Artist’s impression of the view towards the Chao Phraya River from oka Haus’ roof garden (Pictures: Sansiri)
Singapore is a key market for Thai property developer Sansiri Public Co, says CEO Apichart Chutrakul. The company is Thailand’s market leader in the foreign buyer segment. This year, it aims to increase sales to foreign internationals by 40% to THB13 billion ($550 million), with Singaporeans accounting for THB1.3 billion, or 10% of the international sales.
Chinese nationals are expected to make up the biggest source of this revenue stream at THB5.22 billion of international sales by value, followed by Hong Kongers at THB4.35 billion. Buyers from Taiwan, another key market for Sansiri, are expected to contribute THB630 million of revenue. The company also plans to expand into South Korea and Japan this year.
Apichart: We believe things will change, and planning for the future will ensure our survival
To tempt both foreign and local buyers, Sansiri will offer an abundance of choices by launching 31 projects worth nearly US$2 billion ($2.6 billion) this year. This is a 65% increase in total gross development value compared with the 14 projects with US$1.2 billion in GDV launched in 2017. The projects will span the whole gamut of property types, from condominiums to townhouses and detached houses, with the majority (77%) in Bangkok and the remainder in other areas, including Chiang Mai, Pattaya and Phuket.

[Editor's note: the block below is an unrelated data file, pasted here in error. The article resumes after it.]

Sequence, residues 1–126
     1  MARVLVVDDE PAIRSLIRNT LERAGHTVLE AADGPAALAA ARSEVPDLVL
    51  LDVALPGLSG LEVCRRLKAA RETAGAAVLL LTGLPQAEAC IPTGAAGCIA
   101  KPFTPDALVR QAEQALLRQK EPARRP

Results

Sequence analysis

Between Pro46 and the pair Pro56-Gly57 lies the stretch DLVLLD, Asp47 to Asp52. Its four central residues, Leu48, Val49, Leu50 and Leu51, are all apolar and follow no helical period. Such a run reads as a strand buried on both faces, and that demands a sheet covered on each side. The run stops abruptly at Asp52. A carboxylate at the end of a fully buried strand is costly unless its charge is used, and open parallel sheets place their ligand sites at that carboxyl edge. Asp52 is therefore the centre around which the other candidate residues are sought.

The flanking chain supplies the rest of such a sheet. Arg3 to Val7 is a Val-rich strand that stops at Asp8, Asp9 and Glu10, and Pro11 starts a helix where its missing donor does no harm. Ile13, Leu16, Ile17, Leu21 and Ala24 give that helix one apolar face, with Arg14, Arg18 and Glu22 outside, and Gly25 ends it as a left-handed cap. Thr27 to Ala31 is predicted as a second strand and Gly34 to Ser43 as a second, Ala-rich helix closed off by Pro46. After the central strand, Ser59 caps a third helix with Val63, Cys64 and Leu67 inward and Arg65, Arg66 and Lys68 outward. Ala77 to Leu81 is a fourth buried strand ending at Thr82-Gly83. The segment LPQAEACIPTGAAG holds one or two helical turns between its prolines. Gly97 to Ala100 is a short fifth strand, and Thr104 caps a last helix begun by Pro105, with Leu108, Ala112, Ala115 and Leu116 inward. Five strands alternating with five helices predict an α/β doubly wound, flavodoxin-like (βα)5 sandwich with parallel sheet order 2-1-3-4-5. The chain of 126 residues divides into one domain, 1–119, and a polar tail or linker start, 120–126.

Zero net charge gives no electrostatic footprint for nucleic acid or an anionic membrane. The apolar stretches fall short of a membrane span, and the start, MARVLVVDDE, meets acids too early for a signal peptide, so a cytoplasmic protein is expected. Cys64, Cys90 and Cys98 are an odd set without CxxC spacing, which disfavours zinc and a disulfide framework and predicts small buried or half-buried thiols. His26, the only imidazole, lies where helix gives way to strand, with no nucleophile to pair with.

Established in 1984, Sansiri has been listed on the Stock Exchange of Thailand since 1996. According to Sansiri, it had a portfolio of more than 320 projects as at last September. It has set itself apart from other developers with subsidiary Plus Properties, which enables it to provide a more complete suite of services in addition to property development. They include consultancy and brokerage services, project sales, property management and concierge service.
Strategy of partnerships
Sansiri has charted a strategy of long term partnerships with leading companies and government agencies to entrench its position as Thailand’s leading and only full-service developer. Last November, Sansiri invested a total of US$80 million in six international brands, which are in “highgrowth sectors in global markets that offer new sources of revenue”.
The six investments “are all related to Sansiri and there’s synergy”, says chief operating officer Uthai Uthaisangsuk. “We are trying to incorporate more into our homes. Everything we do is for the customer.” They are Singapore-based co-working operator JustCo; hotel booking app One Night; smart indoor farming solution provider Farmshelf; London-based Airbnb management company Hostmaker; hospitality group Standard International; and London-based media group Winkontent, which publishes the popular Monocle magazine.
Uthai: We are trying to incorporate more into our homes. Everything we do is for the customer